The 2007 Stuxnet virus attack perpetrated against Iran's then-budding nuclear program was made possible after U.S. and Israeli intelligence coordinated with Dutch intelligence agency AIVD to recruit an Iranian engineer as a mole who could infect Iran's enrichment plant near Natanz, Yahoo News reported this week.

The engineer initially provided data that helped Stuxnet's authors develop code that specifically targeted the plant's systems. Later, that same insider entered the facility by posing as a mechanic, and either directly downloaded the virus into its systems via a USB flash drive, or infected the system of a facility engineer, who would later unknowingly spread the virus, the report continues, citing multiple intelligence sources.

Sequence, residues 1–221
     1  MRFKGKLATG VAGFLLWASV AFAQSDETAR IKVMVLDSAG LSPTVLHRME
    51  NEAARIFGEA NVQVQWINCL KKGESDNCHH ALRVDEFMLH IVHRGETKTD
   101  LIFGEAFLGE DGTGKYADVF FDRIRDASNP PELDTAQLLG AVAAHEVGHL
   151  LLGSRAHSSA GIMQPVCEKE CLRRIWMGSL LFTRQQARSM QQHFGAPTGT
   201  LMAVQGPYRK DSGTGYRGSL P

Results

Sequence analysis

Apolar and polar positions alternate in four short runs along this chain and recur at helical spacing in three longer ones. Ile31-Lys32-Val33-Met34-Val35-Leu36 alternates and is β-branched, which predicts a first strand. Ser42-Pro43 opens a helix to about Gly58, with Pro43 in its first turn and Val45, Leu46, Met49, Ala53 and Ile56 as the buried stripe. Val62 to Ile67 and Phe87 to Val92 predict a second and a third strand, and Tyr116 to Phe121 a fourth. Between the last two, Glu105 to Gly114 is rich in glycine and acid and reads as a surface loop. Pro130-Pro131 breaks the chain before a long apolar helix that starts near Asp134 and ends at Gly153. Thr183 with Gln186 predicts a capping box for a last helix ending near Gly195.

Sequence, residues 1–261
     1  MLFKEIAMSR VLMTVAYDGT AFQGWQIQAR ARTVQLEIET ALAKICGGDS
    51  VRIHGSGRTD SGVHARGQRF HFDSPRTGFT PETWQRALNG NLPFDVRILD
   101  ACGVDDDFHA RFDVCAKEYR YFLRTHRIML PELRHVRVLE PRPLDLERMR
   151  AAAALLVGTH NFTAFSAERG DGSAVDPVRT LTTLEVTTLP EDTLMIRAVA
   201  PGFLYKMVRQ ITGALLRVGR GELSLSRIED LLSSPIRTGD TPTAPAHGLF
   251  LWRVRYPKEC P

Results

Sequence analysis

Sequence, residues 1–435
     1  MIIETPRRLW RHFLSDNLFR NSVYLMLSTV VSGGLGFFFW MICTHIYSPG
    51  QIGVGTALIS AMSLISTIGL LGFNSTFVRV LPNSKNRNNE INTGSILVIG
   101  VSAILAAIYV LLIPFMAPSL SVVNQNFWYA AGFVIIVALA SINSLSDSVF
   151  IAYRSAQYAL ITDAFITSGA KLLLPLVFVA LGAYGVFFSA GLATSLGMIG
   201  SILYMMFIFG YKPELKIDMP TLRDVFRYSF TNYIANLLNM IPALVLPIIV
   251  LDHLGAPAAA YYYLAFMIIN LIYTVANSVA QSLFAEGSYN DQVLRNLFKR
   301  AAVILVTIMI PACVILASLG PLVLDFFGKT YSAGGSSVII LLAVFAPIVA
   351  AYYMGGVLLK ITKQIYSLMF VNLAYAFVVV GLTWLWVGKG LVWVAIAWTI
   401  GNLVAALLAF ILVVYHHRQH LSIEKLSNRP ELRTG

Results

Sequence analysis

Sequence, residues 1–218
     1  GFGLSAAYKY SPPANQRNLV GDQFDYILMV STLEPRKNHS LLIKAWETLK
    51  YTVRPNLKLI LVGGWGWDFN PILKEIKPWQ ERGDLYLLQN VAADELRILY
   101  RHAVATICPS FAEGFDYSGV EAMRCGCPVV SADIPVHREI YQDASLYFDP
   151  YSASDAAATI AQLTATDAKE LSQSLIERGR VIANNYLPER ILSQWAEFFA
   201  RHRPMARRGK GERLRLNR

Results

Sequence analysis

The Stuxnet campaign, which was nicknamed Operation Olympic Games, was designed to sabotage and stall Iran’s nuclear ambitions while nations sought a means to end the program through sanctions and diplomacy. The virus infected programmable logic controllers (PLCs) from Siemens, causing destruction when the exit valves on certain centrifuges would close, trapping gas and raising internal pressure, or when the Iranian nuclear centrifuges operating via these PLCs would secretly spin out of control and break.

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